Every week this year, with just one or two exceptions, I’ve taken part in the excellent #wildflowerhour on twitter where people across the UK share their sightings for the week between 8-9pm each Sunday – an excellent way to draw a weekend to a close.
Many of these photos made an appearance at some point but this is a run-through a few of my favourite wildflower finds or photos from 2016. The absence of orchids can be explained by a whole post all of their own from earlier this week – take a look here!
Hogweed (Heracleum sphondylium) is a species which you can find almost everywhere – it thrives beside ditches, in hedgerow bottoms, in rough grassland, road verges, woodland. It is found, in fact, in many of the same habitats as nettle and, like common nettle, you can eat it! I will make it clear at this point that this refers to common hogweed rather than giant hogweed!
“Robust, roughly hairy biannual to 200cm; stems hollow, ridged, with downward pointing hairs. Leaves 15-60cm, once pinnate, rough, grey-green, with clasping bases and with ovel- to oblong-lobed, pointed, coarse-toothed leaflets to 15cm long, lower ones stalked. Umbels (flower heads) 5-15cm, stalked, many rayed; bracts usually none, bristle-like, down-turned. Flowers white or pinkish, 5-10mm across; petals notched, unequal. Fruits long, oval, whiteish green, very flattened, smooth with club shaped dark marks on sides.”
Hogweed is a species which is fairly distinctive although a little care is required if you are not all that familiar with it. There are a number of other species in the carrot family which is could possibly be confused with but I have outlined below the key differences you need to look for.
1) Firstly, many other members of the carrot family have feathery or frilly leaves – think of cow parsley or even the tops of domestic carrots. Hogweed will never be thin and fine like these.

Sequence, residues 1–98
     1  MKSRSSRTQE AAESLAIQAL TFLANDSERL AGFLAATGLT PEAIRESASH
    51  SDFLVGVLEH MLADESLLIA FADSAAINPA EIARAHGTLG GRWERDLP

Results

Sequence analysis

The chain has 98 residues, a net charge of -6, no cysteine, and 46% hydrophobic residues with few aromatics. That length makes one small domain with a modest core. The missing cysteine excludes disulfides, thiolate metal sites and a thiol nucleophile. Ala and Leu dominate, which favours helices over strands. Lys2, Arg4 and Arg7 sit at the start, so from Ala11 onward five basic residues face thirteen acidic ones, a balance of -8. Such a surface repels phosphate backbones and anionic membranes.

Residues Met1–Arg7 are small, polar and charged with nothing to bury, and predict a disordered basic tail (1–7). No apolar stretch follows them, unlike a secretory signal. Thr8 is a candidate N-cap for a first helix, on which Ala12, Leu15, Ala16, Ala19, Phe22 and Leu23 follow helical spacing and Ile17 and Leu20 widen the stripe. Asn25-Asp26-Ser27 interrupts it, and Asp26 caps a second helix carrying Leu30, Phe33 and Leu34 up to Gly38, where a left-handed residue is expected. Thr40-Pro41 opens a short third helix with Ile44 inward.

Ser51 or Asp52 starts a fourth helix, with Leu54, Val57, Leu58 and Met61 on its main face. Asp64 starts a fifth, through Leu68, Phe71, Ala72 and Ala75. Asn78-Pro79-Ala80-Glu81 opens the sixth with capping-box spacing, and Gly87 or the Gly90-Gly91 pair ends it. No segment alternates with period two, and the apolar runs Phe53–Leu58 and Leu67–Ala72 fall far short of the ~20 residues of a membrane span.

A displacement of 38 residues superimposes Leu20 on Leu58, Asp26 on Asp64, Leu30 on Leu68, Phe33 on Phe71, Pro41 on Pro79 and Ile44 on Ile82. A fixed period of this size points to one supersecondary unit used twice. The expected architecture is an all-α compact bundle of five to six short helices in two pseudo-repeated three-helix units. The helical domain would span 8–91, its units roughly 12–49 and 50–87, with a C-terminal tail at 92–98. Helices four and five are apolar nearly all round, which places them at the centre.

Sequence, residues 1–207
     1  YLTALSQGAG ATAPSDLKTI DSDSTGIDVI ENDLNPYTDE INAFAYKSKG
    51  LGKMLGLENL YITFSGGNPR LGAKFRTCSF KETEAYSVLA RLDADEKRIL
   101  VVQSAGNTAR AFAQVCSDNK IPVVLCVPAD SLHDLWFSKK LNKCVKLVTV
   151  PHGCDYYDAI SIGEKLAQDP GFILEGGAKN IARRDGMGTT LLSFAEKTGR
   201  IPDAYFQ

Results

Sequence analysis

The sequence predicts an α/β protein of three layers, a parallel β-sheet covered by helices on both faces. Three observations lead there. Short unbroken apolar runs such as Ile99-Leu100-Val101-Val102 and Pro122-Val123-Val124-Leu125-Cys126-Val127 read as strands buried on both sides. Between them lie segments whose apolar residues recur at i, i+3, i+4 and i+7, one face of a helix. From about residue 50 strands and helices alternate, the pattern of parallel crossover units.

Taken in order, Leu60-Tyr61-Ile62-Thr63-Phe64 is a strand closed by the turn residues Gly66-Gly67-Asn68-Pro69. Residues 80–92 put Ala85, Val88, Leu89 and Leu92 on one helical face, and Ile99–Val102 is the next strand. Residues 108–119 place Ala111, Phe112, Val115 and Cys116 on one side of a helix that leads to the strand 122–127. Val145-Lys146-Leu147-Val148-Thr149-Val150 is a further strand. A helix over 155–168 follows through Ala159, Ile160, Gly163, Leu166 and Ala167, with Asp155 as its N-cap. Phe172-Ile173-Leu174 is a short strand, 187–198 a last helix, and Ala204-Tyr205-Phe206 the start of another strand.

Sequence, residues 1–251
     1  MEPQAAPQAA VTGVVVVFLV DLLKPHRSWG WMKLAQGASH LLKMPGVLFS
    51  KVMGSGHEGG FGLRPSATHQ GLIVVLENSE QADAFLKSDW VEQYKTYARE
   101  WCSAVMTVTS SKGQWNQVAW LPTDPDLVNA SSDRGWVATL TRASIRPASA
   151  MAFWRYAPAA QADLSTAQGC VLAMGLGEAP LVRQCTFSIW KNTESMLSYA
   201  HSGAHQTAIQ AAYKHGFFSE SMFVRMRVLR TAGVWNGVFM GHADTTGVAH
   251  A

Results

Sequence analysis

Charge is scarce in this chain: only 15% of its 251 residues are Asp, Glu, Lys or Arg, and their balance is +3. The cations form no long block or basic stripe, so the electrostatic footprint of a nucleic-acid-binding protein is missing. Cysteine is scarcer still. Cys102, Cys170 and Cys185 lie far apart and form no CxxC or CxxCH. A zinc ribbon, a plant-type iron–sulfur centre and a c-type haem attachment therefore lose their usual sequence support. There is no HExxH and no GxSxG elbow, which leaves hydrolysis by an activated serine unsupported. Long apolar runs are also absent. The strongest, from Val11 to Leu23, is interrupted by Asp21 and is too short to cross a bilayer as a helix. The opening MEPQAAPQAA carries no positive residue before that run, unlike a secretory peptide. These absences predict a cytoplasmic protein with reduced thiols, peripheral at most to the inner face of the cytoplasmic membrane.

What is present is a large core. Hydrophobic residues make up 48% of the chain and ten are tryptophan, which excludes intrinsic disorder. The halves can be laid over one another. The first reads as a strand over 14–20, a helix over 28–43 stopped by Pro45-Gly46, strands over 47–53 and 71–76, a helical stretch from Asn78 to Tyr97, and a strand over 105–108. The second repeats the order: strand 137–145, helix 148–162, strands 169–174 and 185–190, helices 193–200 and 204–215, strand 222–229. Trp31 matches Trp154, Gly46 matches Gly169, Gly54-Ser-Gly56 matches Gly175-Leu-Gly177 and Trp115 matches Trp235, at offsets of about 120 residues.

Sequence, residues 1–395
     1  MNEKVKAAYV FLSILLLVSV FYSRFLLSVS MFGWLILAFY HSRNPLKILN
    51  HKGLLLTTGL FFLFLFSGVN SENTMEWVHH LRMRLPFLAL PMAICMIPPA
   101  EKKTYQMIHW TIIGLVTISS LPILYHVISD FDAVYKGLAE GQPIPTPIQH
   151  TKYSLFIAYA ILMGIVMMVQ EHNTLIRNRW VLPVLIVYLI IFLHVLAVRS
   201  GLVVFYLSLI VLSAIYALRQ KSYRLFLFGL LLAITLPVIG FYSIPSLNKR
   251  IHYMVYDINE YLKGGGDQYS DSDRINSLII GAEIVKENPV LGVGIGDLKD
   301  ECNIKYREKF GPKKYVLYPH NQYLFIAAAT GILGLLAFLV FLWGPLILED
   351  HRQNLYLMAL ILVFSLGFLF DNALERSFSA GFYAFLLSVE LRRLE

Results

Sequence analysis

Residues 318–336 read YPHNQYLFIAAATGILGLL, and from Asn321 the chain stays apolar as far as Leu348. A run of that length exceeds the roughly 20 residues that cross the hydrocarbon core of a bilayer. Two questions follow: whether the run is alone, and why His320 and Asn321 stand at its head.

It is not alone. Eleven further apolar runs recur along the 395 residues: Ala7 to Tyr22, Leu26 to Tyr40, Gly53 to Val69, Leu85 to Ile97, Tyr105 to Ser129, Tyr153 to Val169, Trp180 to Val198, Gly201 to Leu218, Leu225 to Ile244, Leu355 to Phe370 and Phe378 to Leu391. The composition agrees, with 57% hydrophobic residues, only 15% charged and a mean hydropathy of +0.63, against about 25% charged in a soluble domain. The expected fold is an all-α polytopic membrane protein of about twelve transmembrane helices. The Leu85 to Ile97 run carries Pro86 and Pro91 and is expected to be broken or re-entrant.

2) Never touch any member of the carrot family with red or purple spots on the stems – this will keep you clear of giant hogweed and hemlock which can be very toxic. It will also distinguish rough chervil whose leaves are much finer than the hogweed anyway.
3) Never eat any umbellifer which is hairless – again this should keep you away from hemlock!
4) Look in hedgerow bases and areas of rough grassland – these are favourite habitats. Species with similar leaves can be found on the coast amongst rocks and shingle such as Scot’s Lovage.
5) Wild celery isn’t a million miles away from hogweed, but is perfectly paletable so no worries there!
6) The leaves are pinnate – that is, leaflets are arranged on either side of the main stem. Each of these leaves is spikey and serrated. Avoid species whose leaves are twice pinnate – that is, they split again. This will keep you away from Wild Angelica which is also paletable so no worries! Sanicle and Astrantia are not pinnate – that is, there are not three separate leaves coming off the stem.
7) The plant should not be huge! Giant hogweed is very poisonous but, like its name suggests, it really is enormous. The only potential risk would be when the giant hogweed was just establishing and sending up the first shoots but a) you should still be able to tell that it will grow into something very large and b) always check for the red/purple spots on the stem, as described in point 4!
8) If in doubt, don’t bother. This is always a good rule to live by but, once you have your eye in, hogweed is a very characteristic species which you can easily identify. There are plenty of photos littered around the internet so use these to cross reference if you need to.
So, once you’re sure of your ID, you’re ready to harvest although do be careful, the stems can cause blisters (like nettles, not a problem once they are cooked!) so do wear gloves.
The best time to eat the leaves and stems is now, when the plant is young and fresh. Take the younger leaves and strip the leaves; the stalks can be cooked and eaten like asparagus and are particuarly nice if fried lightly with soy sauce and sesame seeds for addition to an oriental-style meal.
You can also eat the fresh leaves raw or cooked in a similar way to any other green leaf vegetable – there are recipe’s which substitute it for cabbage such as in Toad in the Hole.
A little later in the year, the buds can be picked and cooked – again, fried as part of an oriental-style meal can be delicious. When picking the buds though, always give due care to making sure that the leaves are indeed hogweed – and that the bud does come from the leaves you think they do! Cow parsley for example grows in the same habitats and you must make sure that the flowers aren’t crossing over.